Just which business are you in?

Instead of owning your business premises, imagine how much growth that money could generate.


I called a guy the other day to get some help on a technology problem. He is in the technology industry. He said he couldn’t meet me because he was off to see an estate agent to pay a deposit on a $1.4 million property he had just bought for the business.


I asked him if he had gone into the property business, and he said: “Definitely no. I am buying the property for my business.”


Quite a few people use their business assets to buy property for the business, but it is always worth asking whether it is a good idea to have all that money tied up in property rather than invested in the business.

My friend said his business premises had appreciated in value by 25% since he bought it several years ago. Had he ever calculated how much income he might have generated by investing that money in his business? He hadn’t.


It doesn’t hurt on occasions to learn from the big boys. Westfield invests in property and IBM rents property because it is in the IT business, not the property business. It makes a lot of money out of the IT business and Westfield makes a lot of money out of the property business.


Now, I suppose that if you have loads of spare cash and you simply want to make an investment, property is not a bad investment medium but it still poses the question: Why would you invest in property rather than your business?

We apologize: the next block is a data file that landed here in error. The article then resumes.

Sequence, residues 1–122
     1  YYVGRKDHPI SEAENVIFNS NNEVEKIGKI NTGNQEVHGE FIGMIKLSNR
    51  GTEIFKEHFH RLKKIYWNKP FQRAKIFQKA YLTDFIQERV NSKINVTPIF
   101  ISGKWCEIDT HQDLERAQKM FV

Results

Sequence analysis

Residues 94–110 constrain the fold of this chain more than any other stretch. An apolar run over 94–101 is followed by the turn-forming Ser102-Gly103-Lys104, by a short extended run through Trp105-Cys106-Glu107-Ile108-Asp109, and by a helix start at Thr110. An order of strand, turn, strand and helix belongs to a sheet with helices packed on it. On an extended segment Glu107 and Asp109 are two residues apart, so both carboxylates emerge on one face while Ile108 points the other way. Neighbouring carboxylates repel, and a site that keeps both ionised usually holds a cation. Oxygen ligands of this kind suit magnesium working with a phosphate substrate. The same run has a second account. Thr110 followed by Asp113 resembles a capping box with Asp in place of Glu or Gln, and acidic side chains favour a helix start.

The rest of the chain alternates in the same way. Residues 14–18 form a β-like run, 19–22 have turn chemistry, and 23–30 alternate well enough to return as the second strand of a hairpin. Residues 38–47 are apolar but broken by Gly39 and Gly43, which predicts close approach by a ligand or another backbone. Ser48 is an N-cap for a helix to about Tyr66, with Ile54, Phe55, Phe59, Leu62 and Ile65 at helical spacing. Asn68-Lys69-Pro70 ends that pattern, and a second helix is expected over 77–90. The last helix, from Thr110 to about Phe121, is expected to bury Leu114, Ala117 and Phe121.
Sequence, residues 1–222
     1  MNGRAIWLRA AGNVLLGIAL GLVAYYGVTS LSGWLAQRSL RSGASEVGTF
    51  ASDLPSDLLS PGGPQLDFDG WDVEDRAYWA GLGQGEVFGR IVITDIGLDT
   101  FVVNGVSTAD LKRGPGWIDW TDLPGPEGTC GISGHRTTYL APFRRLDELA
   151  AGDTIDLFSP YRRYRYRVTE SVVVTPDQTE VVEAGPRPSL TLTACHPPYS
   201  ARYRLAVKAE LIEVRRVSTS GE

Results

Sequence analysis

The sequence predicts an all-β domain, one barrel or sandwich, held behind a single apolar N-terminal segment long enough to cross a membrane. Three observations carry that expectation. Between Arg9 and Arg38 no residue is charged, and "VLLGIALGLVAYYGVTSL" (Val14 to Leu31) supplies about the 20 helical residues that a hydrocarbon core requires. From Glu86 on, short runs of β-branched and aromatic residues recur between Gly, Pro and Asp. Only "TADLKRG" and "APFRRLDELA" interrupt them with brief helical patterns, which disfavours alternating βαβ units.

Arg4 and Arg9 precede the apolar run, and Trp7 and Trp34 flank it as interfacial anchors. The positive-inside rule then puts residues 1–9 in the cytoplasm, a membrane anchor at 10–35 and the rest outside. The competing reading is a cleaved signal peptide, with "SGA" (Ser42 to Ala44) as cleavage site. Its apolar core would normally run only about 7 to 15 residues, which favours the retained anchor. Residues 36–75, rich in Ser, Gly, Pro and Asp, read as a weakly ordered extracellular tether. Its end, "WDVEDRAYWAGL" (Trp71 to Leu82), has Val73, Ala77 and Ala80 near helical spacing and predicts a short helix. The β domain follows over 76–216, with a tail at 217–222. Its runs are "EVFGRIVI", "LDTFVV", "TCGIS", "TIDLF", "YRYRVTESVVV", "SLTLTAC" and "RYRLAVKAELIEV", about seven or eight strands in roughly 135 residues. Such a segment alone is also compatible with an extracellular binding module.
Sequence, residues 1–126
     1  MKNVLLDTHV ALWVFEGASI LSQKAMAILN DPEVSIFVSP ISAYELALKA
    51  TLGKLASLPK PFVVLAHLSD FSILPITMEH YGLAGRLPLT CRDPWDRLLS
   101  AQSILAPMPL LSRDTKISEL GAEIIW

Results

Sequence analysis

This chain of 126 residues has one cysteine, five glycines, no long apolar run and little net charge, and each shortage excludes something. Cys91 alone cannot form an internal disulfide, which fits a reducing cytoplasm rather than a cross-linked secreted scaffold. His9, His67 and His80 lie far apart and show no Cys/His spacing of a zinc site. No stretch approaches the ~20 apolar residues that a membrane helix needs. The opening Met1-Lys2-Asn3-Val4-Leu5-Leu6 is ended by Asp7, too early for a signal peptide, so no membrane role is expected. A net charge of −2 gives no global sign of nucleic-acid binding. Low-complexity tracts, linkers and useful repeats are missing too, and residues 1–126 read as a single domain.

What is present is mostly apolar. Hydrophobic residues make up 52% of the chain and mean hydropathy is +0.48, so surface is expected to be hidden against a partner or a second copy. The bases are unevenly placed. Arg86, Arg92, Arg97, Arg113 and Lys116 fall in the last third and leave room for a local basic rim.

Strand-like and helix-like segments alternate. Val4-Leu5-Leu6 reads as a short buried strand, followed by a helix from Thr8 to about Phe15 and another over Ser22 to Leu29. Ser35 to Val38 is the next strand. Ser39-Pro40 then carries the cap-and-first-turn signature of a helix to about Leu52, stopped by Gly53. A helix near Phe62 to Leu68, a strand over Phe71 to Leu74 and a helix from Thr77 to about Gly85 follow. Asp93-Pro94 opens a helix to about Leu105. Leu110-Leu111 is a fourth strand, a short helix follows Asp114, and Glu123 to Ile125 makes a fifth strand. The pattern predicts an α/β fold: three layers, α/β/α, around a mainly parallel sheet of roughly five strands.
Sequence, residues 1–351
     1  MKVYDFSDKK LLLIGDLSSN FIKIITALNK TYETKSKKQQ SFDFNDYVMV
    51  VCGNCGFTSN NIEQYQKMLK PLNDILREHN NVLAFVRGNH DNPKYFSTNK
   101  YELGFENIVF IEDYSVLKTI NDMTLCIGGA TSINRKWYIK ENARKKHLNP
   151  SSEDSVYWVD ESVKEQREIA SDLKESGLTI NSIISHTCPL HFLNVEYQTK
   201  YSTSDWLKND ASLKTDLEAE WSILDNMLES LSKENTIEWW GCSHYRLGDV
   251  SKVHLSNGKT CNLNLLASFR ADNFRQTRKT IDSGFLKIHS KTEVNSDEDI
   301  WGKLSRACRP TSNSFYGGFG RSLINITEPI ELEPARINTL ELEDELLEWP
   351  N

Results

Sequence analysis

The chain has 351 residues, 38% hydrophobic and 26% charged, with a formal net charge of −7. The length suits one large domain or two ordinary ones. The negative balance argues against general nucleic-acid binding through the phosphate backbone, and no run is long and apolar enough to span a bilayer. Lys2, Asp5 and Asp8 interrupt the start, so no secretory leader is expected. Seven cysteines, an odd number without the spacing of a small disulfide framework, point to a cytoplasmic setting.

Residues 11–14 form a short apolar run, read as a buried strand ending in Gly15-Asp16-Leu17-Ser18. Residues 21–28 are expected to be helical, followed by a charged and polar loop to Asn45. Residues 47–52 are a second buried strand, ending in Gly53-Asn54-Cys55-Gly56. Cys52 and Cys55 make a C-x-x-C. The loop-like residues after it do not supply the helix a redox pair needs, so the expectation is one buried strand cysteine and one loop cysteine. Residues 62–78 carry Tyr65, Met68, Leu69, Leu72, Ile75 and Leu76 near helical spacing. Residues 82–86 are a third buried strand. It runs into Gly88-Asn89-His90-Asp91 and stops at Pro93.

If the answer is that the business does not require any further investment, then you are really in record-breaking territory.


Unfortunately, many businesses that invest in real estate do so by leveraging their assets and often to such a level as to put pressure on their cash flow.

The result is that they have not only invested in a business that is not their core business but they have created pressure on cash flow so that the business becomes cash starved and can’t expand as quickly as one would like. Sometimes, the demands for servicing property debt actually create serious, if not terminal, cash problems for the business.


So, before you rush off to buy the next property for your business, just be sure that you are not going to starve your business of the cash that is always so necessary for growth.


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